US Deputy Secretary of Defense William Lynn offers a sketch of defense thinking about cyber issues in the current issue of Foreign Affairs. The article has generated much buzz because of reference to a 2008 compromise of classified military networks that began with malicious code delivered by a ubiquitous flash drive, which Lynn characterized as the most significant breach of military computers ever.
In thinking about cyberwarfare, Secretary Lynn offers the following observations:
- Cyberwarfare is asymmetric. "A dozen determined computer programmers can, if they find a vulnerability to exploit, threaten the United States' global logistics network, steal its operational plans, blind its intelligence capabilities, or hinder its ability to deliver weapons on target."
- The offense has the upperhand. "The U.S. government's ability to defend its networks always lags behind its adversaries' ability to exploit U.S. networks' weaknesses."
- Traditional deterrence models do not apply. "Deterrence will necessarily be based more on denying any benefit to attackers than on imposing costs through retaliation."
- Cyberthreats are not just military ones. "Hackers and foreign governments are increasingly able to launch sophisticated intrusions into the networks that control critical infrastructure."
- Intellectual property is vital to national security. "As military strength ultimately depends on economic vitality, sustained intellectual property losses could erode both the United States' military effectiveness and its competiveness in the global economy."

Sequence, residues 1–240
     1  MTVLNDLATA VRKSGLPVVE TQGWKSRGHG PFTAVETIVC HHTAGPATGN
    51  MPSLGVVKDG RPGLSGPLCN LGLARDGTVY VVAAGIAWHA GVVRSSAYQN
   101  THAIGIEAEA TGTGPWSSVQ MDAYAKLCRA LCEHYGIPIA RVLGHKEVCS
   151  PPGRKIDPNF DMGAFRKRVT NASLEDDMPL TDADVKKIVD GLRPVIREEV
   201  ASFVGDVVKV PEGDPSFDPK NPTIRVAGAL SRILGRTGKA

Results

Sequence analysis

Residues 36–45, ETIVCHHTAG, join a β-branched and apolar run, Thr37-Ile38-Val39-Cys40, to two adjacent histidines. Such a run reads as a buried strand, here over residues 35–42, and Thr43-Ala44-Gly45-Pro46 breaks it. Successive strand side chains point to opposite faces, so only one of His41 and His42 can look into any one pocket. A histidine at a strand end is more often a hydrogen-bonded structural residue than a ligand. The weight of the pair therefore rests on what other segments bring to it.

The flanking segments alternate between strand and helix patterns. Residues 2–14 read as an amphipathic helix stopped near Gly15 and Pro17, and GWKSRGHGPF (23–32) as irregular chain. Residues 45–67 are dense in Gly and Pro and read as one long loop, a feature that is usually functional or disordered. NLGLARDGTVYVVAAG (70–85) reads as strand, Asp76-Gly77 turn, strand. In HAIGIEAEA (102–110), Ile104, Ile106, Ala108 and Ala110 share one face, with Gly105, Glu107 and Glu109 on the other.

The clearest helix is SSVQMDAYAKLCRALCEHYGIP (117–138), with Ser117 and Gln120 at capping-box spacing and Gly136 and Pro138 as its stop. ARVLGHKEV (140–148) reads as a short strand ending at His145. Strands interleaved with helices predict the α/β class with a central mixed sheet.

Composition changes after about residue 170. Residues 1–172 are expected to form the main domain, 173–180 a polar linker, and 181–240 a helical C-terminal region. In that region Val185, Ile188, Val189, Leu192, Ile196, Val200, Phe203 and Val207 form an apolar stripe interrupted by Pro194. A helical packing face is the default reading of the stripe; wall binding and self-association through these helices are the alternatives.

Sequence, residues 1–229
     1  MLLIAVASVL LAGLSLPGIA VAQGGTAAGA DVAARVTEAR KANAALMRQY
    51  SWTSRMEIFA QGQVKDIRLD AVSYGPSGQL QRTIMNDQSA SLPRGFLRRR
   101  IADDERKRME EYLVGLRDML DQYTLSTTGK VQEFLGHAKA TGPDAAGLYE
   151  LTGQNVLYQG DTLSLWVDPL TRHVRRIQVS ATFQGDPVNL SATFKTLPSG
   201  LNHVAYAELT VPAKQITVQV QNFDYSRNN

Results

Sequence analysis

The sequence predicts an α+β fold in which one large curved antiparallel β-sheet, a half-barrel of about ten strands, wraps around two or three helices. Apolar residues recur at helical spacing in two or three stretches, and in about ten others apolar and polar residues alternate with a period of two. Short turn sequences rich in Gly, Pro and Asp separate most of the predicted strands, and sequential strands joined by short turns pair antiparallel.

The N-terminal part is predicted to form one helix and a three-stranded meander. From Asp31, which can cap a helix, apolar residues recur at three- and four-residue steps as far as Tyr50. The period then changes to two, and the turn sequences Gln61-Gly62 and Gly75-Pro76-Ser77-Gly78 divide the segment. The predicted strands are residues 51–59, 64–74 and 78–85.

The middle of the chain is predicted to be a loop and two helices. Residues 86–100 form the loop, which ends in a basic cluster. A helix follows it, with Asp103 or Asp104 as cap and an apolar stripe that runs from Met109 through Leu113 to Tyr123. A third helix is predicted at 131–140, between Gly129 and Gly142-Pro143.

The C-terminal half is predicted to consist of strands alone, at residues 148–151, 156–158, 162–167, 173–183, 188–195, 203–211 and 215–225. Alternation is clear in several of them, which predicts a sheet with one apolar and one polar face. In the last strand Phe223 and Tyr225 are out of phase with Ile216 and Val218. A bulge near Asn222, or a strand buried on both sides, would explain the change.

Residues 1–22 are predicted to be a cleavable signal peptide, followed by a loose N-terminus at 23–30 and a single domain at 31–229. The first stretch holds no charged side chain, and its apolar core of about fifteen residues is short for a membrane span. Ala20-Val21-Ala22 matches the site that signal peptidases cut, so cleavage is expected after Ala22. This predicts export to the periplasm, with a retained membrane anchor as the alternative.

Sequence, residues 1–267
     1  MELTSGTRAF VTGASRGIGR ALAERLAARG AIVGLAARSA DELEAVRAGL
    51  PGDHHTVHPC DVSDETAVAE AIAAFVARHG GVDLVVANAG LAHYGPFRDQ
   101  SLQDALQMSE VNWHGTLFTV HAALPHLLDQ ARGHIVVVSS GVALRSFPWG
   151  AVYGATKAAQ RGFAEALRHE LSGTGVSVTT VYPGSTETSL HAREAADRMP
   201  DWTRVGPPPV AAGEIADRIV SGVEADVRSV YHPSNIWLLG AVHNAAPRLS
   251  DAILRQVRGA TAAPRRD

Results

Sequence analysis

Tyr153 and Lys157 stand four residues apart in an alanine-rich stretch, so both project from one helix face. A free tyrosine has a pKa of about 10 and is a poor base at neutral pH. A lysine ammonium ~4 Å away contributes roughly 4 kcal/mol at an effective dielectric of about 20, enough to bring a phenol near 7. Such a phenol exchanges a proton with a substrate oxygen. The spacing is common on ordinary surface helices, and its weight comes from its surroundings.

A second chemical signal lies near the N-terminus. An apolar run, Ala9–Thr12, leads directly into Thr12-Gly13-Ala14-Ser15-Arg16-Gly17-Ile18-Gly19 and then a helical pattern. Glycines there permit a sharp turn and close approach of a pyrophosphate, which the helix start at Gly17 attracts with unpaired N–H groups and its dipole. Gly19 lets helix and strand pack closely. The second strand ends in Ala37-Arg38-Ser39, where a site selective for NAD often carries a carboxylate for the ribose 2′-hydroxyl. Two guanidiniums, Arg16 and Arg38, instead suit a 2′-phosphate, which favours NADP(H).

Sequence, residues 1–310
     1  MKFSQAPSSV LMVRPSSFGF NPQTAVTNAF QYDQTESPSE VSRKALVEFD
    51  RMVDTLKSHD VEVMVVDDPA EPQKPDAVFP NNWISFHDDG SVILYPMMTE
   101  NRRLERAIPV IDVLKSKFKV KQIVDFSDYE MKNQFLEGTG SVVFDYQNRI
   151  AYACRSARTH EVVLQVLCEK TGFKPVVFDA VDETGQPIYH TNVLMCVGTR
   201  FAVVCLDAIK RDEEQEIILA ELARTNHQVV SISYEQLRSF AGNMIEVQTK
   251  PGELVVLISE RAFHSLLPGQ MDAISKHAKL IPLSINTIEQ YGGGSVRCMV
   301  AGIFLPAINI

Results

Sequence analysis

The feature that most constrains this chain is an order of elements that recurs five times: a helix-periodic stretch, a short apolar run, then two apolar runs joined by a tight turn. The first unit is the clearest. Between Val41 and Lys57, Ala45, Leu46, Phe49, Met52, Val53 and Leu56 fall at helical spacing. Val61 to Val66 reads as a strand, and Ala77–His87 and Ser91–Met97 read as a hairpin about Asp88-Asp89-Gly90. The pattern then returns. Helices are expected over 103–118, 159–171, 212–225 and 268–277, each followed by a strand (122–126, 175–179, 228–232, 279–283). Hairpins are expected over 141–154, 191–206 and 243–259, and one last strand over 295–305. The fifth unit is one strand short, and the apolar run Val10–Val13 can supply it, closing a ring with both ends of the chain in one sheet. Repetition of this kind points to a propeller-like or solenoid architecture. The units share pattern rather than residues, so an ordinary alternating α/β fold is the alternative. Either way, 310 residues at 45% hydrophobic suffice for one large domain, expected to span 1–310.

With this in mind, Secretary Lynn offers some principles to develop a strategy for cyberspace.
- Cyberspace is a new domain of warfare. "It has become just as critical to military operations as land, sea, air, and space. As such, the military must be able to defend and operate within it."
- Active defense is essential. "The National Security Agency has pioneered systems that, using warnings provided by U.S. intelligence capabilities, automatically deploy defenses to counter intrusions in real time."
- Information sharing is key among commercial, government and international partners. "In partnership with the Department of Homeland Security, Cyber Command also works closely with private industry to share information about threats and to address shared vulnerabilities."
Given that private networks dominate cyberspace, Secretary Lynn does acknowledge the challenges of de-conflicting responsibility in cyberspace. While the new CYBERCOMMAND can consolidate control and operations of military networks, it is up to the Department of Homeland Security to defend the .gov and .com domains. He did hint that maybe the military should extend its coverage outside the .mil domain, but this creates a host of legal and privacy challenges. It may also represent a new area where the Department of Defense creeps beyond its traditional boundaries.
These views are my own and do not represent any official position.